This was one of the first videos we shot for the album and one of the most challenging. It was inspired by some of the work of Michel Gondry (videos for Bjork, and the film The Eternal Sunshine of the Spotless Mind). Working with almost no budget, I found a space that had a very open floor with no supporting columns that served as a soundstage. But the floor was slightly sloped, full of dents and pockmarks, and ended up making an 8-minute continual dolly move beyond challenging. The rear projections required a great deal of distance for the images to cover the full screen wall, and therefore needed very powerful lamps. There were props that had to be moved on the set, as well as the rotating skyline in the window that shifts from night to day and back, with the daylight cardboard skyline replaced by a nighttime variant. And everything had to be painted blue – tables, bed sheets, my guitar. The handmade quality has a kind of charm, and I’m proud that we all survived the experience!
The single comes off your new album Signs and Wonders – what’s the story behind the title?
I first heard the phrase in an off-hand remark made by Tommy Lee Jones’ character in the movie No Country for Old Men. It’s a biblical reference that sometimes is taken to signal the end of days, but which I also imagine to be more about minor miracles present all around us. It seemed to fit the recurrent themes of the album to be a little observant of the world around us, and perhaps a little more empathetic for the people we find in it.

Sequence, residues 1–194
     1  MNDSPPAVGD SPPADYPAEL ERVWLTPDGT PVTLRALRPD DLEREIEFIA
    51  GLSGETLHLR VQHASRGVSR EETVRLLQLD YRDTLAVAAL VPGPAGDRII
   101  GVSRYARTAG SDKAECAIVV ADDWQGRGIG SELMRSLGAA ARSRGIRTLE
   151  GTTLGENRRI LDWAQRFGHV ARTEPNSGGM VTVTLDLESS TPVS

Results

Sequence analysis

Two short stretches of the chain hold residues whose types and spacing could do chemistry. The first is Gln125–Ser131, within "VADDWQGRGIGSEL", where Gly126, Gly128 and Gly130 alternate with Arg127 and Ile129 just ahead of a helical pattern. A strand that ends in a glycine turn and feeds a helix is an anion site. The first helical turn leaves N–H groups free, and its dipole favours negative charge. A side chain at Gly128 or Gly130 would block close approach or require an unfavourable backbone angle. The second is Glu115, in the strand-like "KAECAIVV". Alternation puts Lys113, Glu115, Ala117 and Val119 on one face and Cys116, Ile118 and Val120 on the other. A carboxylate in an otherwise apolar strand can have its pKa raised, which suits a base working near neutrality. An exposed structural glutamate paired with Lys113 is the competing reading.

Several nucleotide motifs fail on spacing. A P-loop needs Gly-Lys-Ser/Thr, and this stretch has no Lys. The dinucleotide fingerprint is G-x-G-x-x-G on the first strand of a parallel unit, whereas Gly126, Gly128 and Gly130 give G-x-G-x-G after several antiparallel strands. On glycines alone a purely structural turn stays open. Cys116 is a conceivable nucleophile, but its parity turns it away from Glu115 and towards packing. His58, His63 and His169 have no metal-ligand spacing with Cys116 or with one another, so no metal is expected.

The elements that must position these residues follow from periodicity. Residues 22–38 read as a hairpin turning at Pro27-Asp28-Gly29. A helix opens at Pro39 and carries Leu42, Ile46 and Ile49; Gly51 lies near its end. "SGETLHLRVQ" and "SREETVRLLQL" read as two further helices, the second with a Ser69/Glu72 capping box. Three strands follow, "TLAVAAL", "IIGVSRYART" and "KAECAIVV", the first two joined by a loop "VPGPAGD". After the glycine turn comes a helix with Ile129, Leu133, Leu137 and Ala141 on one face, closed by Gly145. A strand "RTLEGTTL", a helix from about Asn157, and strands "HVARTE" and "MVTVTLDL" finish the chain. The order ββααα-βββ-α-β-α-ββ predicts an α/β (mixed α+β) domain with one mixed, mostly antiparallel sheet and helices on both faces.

How was the recording and writing process?
Because of my day job commitments, I almost avoid picking up the guitar for fear of writing songs that I won’t be able to do anything with for years at a time. So, the writing mostly happened over the course of a couple of weeks when I consciously set aside the time. Once I had enough songs, I spent a couple of days recording guitar and vocal demos so that I could send off to everyone to learn. The basics were then recorded with drums, bass, and electric guitar, playing along to my demos. And as sometimes happens, the demos end up being the vocal and acoustic guitar parts that you hear on the album. The rest of it was putting down some additional instrumental overdubs, re-cutting a few vocals, adding harmonies, then getting the string orchestra scores written and recorded. That all took place in fits and starts over the course of a few months. Then rough mixes were made so that we could begin the process of making the videos for each song which took almost a year to shoot and edit. I should add that the stereo mixes evolved over the course of that year, but I didn’t begin mixing the 5.1 surround mixes until after the stereo mastering session.